Troop count in Iraq doesn't include all forces, Pentagon chief acknowledges

Troop count in Iraq doesn't include all forces, Pentagon chief acknowledges
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Defense Secretary Ash Carter acknowledged Tuesday that the number of U.S. troops on the ground in Iraq is higher than the administration's authorized cap of 3,870. 

"People who are temporarily assigned — and this has been true for here and in Afghanistan for some time — they, under the caps, are counted differently, as you well know," Carter told the House Armed Services Committee.  

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"There are some people who are subject to the troop caps, and there are some people who rotate in for a short amount of time, that are not subject to the troop caps," he said.  

Focus on the troop levels in Iraq came after a Marine was killed on Saturday in northern Iraq, revealing the quiet deployment of Marines to the country.

The Marines had deployed from an expeditionary unit that was already serving in the region, and they were not considered an additional deployment of troops because they were there on a temporary basis, defense officials said. 

Troops who are serving in Iraq on a temporary basis, which includes many special operations forces, are not counted as part of the authorized troop level. 

Sen. John McCainJohn Sidney McCainSenate's defense authorization would set cyber doctrine Senate Dems hold floor talk-a-thon against latest ObamaCare repeal bill Overnight Defense: Senate passes 0B defense bill | 3,000 US troops heading to Afghanistan | Two more Navy officials fired over ship collisions MORE (R-Ariz.) said at a Christian Science Monitor breakfast in December that the real number was closer to 5,000, and a defense official said at the time the number was closer to 4,000. Defense officials have refused to give the complete number of U.S. troops on the ground in Iraq. 

House Armed Services Committee Chairman Mac Thornberry (R-Texas) expressed concern on Tuesday over the administration's "artificial troop cap" was putting service members' lives at risk.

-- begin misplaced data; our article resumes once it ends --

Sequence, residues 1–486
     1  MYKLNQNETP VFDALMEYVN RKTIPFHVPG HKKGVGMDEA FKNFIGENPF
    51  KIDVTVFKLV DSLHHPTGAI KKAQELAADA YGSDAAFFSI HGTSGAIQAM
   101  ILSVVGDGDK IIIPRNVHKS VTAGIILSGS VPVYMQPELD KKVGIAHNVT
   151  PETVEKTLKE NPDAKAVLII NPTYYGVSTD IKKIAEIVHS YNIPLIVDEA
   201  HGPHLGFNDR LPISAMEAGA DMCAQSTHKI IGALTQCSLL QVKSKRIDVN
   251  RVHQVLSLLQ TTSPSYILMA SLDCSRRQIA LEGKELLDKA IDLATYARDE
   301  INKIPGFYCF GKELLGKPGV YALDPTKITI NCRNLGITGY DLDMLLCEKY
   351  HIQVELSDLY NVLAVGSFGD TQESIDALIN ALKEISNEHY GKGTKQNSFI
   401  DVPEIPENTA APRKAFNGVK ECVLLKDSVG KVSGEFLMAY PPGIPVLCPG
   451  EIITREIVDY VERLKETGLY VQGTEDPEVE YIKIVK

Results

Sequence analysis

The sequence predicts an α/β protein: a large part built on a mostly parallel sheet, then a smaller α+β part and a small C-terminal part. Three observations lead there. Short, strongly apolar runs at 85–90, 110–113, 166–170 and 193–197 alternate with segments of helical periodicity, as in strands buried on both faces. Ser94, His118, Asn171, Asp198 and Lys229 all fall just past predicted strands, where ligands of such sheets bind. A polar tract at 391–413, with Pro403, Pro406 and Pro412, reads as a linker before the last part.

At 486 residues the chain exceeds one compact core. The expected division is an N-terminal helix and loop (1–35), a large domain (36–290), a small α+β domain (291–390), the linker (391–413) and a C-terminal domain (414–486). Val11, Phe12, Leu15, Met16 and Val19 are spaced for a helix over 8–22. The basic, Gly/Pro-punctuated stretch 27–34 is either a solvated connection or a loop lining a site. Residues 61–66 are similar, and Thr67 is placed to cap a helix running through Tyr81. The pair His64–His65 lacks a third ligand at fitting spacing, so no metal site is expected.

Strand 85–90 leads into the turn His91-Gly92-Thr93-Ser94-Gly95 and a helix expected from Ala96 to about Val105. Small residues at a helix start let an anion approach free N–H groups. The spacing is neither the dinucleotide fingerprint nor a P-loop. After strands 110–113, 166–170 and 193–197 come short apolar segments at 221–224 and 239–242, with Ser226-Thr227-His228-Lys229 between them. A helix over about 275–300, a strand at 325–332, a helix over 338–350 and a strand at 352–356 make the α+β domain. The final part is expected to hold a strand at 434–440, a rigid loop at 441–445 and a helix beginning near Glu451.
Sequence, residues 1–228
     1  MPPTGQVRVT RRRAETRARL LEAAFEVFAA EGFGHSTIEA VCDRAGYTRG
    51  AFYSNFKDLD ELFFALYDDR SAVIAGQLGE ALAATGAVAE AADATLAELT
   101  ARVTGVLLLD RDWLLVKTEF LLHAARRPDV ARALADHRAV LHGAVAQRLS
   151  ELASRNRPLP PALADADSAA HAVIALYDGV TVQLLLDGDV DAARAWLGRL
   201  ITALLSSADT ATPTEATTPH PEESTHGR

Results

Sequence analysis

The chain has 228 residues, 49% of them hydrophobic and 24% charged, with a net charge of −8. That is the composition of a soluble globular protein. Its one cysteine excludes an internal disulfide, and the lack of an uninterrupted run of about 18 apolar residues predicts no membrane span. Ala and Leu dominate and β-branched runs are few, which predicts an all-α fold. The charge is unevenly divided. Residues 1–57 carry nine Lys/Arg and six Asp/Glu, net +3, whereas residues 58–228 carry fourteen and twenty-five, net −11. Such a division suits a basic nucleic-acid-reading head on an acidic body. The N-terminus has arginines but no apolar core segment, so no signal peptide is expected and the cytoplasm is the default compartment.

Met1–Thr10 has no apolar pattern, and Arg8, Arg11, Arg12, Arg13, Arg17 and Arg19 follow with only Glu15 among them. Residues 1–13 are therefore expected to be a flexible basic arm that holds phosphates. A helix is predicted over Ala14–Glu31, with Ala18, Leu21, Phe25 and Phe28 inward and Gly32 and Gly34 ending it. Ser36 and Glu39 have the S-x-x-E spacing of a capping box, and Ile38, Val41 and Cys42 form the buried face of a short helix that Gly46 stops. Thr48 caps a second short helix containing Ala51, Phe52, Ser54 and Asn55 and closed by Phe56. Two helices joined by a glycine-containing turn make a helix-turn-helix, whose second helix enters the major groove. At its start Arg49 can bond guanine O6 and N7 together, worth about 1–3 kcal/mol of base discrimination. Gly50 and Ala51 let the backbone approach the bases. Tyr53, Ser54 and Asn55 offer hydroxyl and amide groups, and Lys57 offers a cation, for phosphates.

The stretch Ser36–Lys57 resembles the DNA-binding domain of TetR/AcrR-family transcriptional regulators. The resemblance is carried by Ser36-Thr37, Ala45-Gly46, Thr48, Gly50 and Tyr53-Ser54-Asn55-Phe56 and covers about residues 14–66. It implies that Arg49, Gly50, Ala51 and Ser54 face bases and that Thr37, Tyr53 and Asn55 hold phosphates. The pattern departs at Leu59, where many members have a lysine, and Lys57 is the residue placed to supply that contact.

"The argument is, if you're rotating people in every 30 days or whatever it is to keep below the troop caps, then the people rotating in are not going to have time to get acclimated to the environment and may be at increased risk," he said.  

"The other argument I've heard is when you have these artificial troop caps, you don't bring in the force protection that you would in other situations where you're not subject to those troop caps," he added. 

Carter and Chairman of the Joint Chiefs of Staff Gen. Joseph Dunford both said troops in Iraq have proper protection. 

"Everybody that is in Iraq is properly trained for the mission, that included the Marines there," Carter said.  

Dunford added that the deployment of more forces for protection or other critical capabilities has not been affected by the force cap of 3,870. 

He added that the president has so far not turned down any such requests, and said he expects to have more as the U.S. ramps up its fight against the Islamic State in Iraq and Syria. 

"To date, we haven't had any request that we've gone to the president with and this is now over the last several months for capabilities that has been denied," Dunford said. 

"We're in the process right now of bringing forward recommendations for increased capability as a result of operations in Mosul, Raqqa and elsewhere, so we can maintain the momentum and accelerate the campaign."